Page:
Celebrate the first day of National Stuttering Awareness Week at
Our Time Theatre Company's
2nd Annual Benefit Gala
in New York City
Honoring Dr. Alan Rabinowitz
Hosted by Jane Alexander
Monday May 10th, 2004
6 pm cocktail party
8 pm performance
The Our Time Teens
Special appearances by:
and the President of the Stuttering Foundation of America, Jane Fraser
For more information or reservations
please call: Our Time at 212-414-9696
or email: email@example.com
Our Time Theatre Company, a non-profit organization dedicated to providing an artistic home for young people who stutter, will hold its annual benefit on Monday, May 10th, 2004, the first day of National Stuttering Awareness Week. The gala will be held at 8:00 pm at the Lucille Lortel Theatre in New York City, and will be hosted by Tony award winning actress and former NEA chair, Jane Alexander. At this event, Our Time will continue the tradition of honoring a person who has improved the quality of life and been an inspiration for people who stutter. The second annual Our Time Award will be presented to Dr. Alan Rabinowitz, author, explorer, and Director of the Science and Exploration Program at the Wildlife Conservation Society, based at the Bronx Zoo in New York City.
The evening will feature performances from the Our Time Teens, accompanied by Broadway performers, including the cast of STOMP, Adam Pascal (RENT, Aida, Cabaret), Alice Ripley (The Who’s Tommy, Sunset Blvd., Side Show), Everett Bradley (STOMP, Swing!), and more to come. Jane Fraser, the president of the Stuttering Foundation of America, will present Dr. Rabinowitz with the Our Time Award. The evening’s festivities will begin at 6 pm with a cocktail party where guests get a chance to meet and greet with Jane Alexander, Jane Fraser, Dr. Rabinowitz, and the performers.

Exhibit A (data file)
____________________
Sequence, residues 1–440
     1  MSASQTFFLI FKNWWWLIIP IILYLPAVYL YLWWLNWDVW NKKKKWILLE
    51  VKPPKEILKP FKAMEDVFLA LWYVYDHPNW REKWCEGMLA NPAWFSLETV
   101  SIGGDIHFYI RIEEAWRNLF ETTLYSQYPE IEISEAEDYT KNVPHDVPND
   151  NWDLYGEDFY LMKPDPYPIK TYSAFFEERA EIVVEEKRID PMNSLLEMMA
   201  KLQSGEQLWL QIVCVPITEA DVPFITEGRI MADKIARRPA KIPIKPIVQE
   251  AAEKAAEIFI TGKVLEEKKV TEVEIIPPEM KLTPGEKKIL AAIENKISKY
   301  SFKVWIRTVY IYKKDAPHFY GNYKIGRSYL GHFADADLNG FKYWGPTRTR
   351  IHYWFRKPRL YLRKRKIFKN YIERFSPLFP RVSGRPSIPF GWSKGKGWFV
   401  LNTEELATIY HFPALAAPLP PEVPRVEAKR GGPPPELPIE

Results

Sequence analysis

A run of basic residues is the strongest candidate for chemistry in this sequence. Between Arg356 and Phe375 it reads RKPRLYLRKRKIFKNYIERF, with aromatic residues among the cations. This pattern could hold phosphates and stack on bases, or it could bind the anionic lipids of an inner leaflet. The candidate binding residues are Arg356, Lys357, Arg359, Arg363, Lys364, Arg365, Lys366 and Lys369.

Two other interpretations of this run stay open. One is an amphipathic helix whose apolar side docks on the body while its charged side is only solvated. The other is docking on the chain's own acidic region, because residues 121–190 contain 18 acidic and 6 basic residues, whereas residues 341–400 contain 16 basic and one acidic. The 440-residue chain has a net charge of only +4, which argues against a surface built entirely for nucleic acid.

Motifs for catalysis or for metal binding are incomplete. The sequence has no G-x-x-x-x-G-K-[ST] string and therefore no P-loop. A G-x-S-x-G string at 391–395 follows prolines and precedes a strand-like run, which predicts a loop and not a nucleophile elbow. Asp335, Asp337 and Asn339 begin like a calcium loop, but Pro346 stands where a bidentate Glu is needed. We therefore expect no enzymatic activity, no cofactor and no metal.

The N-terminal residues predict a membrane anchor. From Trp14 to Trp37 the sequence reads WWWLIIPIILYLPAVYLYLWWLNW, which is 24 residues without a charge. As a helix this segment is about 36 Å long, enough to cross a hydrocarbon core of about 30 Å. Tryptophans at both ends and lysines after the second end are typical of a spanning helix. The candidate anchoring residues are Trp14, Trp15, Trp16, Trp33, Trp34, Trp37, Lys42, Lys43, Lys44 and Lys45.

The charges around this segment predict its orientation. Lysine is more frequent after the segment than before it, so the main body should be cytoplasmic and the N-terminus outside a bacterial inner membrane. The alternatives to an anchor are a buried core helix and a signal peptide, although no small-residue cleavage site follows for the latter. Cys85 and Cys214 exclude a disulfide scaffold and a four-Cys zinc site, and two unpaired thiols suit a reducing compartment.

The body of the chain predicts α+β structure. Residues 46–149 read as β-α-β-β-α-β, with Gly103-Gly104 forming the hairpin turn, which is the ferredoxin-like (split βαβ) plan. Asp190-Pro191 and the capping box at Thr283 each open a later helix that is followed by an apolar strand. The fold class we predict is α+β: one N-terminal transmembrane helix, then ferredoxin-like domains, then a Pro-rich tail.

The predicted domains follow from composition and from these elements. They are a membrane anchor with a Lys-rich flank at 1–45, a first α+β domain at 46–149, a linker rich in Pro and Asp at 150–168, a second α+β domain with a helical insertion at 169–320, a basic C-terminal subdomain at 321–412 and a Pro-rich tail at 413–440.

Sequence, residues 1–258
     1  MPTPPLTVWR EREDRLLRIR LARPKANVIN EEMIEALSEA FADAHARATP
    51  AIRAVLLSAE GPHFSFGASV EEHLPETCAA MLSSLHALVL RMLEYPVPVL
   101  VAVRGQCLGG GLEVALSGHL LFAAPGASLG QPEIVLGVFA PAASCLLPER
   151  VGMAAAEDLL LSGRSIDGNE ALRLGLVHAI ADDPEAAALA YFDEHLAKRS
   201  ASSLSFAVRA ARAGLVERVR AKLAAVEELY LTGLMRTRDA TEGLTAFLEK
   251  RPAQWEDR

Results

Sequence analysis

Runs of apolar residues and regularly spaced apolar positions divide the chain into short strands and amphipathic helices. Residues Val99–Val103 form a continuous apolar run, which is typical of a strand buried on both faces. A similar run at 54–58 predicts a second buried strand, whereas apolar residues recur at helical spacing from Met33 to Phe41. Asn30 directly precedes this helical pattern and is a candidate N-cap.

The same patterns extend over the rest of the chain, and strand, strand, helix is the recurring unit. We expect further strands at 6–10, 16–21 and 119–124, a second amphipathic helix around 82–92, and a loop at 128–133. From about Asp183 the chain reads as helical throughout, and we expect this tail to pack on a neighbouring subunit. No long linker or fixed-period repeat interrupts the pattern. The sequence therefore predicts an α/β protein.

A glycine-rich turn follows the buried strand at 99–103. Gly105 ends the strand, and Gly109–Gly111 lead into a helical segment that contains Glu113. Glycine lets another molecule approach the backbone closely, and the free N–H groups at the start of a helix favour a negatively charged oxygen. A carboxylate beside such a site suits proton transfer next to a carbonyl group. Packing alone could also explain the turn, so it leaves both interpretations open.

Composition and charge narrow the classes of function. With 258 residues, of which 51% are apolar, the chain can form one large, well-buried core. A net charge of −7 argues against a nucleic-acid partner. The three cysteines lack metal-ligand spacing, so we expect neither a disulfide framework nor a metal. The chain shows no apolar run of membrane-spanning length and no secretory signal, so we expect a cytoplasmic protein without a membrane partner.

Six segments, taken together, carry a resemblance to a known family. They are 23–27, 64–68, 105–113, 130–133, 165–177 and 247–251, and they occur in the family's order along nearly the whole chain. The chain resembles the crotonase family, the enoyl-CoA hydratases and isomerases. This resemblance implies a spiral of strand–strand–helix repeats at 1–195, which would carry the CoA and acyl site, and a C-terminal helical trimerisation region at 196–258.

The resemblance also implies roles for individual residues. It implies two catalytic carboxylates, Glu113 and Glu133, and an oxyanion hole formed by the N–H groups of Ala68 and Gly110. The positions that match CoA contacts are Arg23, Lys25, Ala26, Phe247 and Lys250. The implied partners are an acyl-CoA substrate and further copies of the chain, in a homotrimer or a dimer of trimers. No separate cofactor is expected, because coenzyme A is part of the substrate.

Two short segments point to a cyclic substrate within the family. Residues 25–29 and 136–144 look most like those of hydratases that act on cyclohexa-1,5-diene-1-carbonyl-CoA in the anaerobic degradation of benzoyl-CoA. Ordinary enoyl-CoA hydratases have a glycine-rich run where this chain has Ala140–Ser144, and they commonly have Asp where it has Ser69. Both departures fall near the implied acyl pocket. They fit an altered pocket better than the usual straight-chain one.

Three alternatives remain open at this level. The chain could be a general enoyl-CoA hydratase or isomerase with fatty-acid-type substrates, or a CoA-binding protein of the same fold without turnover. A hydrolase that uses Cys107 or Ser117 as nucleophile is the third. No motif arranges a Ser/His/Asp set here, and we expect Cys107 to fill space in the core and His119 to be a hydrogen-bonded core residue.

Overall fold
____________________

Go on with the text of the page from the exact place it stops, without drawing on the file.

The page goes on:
Last year’s benefit was a remarkable evening. Our Time honored actor, writer, director, and teacher Austin Pendleton. Sam Waterston (TV’s Law and Order) was on hand to present Mr. Pendleton with the award. The audience was entertained, educated, and moved. The gala provides a rare opportunity for Our Time’s teenagers to speak publicly about the challenges facing young people who stutter. One of the highlights last year was a speech by 14-year-old Corom Buksha, one of Our Time’s first company members.
“When you’re a teenager people don’t even give you a chance and just laugh in your face. That’s why I enjoy Our Time so much because we can stutter and nobody cares…We can express ourselves through acting…Once you can do a two hour play in front of hundreds of people, talking to a friend or a stranger is nothing.”